4. Be that shoulder or support system for them. Losing everything causes to so much stress. If you can be their rock or a crutch to help hold them up it will help their situation even if they don’t realize it till later. Some things that you can do to help out. If they have children offer to watch their children so the adults can do something as simple as going to dinner together, this will allow the parents to talk candidly with each other and not worry about upsetting the kids. It will also give the adults time to stop and think about the situation. Even just watching their kids so the parents don’t have to worry about entertaining the kids is huge. You can also be their point person for other family members. It is a lot to handle when everyone is calling you non-stop asking if you are ok and what you need. You can be the person who calls the rest of the family and tells them that they are safe and what they do or do not need at that time. Also if they were evacuated and don’t know if they lost everything or not and then find out that they did lose everything you can be the one to call family members and tell them as it will be too emotional for them to articulate that to others. You can be the one to set up a GoFundMe account should that be needed. If someone is missing you can be the one to put that out on Facebook to try help. Always remember that to these people their whole world is crumbling down around them in that moment. They will have thoughts going through their head like why did this happen to us, how could I have prevented this, what will I do now, and where will I live now. If they have children there concern will be about what is best for the children. Going through something devastating is a trauma and never try to play that down. It will take a good amount of time for them to ever feel safe again. It will be something that they will never forget. Imagine going to bed every night wondering if a fire will come while they were sleeping and they would not be able to get out, now you know how they are feeling. Don’t tell them to be happy or not to be sad. Their feelings are valid and you cannot fix it for them. Just be there for them.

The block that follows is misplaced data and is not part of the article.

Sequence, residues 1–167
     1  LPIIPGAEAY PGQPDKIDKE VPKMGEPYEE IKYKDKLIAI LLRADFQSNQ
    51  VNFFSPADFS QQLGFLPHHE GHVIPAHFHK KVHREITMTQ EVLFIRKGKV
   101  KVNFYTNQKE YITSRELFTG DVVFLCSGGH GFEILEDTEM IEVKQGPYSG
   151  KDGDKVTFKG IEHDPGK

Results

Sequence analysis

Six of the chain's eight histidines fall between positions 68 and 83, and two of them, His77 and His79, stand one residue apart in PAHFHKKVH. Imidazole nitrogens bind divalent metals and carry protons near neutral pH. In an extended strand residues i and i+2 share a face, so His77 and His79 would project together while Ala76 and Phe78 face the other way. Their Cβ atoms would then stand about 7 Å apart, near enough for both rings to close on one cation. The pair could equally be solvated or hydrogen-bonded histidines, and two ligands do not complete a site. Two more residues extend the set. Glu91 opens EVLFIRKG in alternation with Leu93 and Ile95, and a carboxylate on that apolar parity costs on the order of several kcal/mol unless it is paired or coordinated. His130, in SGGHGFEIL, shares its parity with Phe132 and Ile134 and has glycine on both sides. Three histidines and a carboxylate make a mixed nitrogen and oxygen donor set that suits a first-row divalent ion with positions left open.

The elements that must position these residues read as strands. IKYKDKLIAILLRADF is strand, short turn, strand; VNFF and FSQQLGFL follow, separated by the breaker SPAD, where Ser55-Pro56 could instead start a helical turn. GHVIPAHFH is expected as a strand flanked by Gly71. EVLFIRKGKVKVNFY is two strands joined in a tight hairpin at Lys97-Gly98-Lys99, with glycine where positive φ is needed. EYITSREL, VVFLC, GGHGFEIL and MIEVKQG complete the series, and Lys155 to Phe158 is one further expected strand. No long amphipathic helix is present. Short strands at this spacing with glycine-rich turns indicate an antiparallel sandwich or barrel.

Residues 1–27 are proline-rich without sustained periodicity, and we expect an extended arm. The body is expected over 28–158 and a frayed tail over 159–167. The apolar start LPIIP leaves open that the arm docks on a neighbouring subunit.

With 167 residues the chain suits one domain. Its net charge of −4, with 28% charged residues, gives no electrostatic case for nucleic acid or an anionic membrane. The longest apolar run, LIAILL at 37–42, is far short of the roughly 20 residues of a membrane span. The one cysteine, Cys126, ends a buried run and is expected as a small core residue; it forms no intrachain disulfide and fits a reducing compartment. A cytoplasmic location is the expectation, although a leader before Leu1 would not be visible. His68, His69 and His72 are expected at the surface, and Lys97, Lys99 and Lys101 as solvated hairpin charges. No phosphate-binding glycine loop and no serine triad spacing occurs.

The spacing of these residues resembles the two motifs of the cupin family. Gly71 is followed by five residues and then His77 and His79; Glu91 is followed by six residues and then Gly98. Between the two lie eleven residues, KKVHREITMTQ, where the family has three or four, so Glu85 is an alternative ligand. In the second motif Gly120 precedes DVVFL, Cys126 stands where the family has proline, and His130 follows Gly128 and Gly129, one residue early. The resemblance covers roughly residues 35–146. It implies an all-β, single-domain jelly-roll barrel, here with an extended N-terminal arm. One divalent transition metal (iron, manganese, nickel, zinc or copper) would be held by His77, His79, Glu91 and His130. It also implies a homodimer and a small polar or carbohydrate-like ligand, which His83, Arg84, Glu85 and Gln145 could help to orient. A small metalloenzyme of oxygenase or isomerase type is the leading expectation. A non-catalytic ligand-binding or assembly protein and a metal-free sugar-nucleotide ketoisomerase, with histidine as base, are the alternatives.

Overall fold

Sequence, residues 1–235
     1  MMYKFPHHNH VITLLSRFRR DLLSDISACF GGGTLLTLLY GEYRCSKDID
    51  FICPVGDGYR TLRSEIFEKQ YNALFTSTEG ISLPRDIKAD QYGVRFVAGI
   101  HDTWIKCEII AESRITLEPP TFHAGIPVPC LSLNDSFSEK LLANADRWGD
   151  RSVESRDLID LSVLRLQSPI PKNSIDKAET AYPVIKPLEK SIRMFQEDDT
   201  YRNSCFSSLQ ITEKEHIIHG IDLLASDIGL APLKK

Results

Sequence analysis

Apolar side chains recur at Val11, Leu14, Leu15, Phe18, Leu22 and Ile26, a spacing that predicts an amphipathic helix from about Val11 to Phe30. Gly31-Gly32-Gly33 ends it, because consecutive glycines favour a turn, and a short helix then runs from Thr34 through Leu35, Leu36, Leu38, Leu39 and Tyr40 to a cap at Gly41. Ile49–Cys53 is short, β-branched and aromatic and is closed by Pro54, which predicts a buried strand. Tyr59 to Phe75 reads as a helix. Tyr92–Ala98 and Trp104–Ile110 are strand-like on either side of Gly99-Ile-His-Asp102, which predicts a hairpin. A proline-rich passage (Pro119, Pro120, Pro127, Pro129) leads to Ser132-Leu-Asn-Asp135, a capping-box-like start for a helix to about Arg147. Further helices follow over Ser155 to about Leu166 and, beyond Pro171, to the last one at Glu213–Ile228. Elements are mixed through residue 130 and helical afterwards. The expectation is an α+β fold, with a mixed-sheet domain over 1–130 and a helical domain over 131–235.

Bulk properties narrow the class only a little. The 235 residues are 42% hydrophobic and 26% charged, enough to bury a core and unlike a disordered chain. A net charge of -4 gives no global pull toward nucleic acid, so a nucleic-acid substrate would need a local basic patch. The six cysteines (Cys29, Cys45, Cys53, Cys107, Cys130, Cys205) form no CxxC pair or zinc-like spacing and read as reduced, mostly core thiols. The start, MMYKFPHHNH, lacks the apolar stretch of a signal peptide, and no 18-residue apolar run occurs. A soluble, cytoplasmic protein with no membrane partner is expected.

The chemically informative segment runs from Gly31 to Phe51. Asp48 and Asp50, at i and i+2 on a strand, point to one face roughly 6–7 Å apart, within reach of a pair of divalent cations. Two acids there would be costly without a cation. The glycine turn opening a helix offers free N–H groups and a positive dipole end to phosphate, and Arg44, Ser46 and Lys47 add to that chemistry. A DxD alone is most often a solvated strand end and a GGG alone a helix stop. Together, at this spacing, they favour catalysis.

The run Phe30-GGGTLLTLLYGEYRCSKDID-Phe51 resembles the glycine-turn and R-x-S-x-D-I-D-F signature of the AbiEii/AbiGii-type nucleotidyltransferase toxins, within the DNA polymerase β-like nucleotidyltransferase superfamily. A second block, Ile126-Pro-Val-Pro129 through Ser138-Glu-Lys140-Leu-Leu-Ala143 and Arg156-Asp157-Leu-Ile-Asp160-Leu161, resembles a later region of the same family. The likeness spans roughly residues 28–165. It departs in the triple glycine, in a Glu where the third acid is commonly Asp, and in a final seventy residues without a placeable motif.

5. Be creative with how you give back. There are so many more ways for you to be able to help without having to give money or donate your items. If you are unable to help financially you can always help with your time. If it is a large scale disaster you can volunteer to help at shelters, places that are housing displaces animals and people, places that are giving out food or clothing donations. Giving your time can be just as helpful as giving money; sometimes it is even more helpful. You can help clean up after a disaster; this is also an opportunity to be there emotionally for them, because as they go through the rubble they will get emotional. Let them feel what they are feeling, but hug them and tell them they are not alone and that they are loved. If you own a business you can offer your services or skills, such as free haircuts and blowouts, veterinary skills or nursing skills for injured animals and people. If you have a spare bedroom or extra room in your home you can help by giving them a warm safe place to sleep at night. They might have lost their car so you can offer to help by driving them around to where they need to be. There are so many things that can be done that do not have to be monetary donations.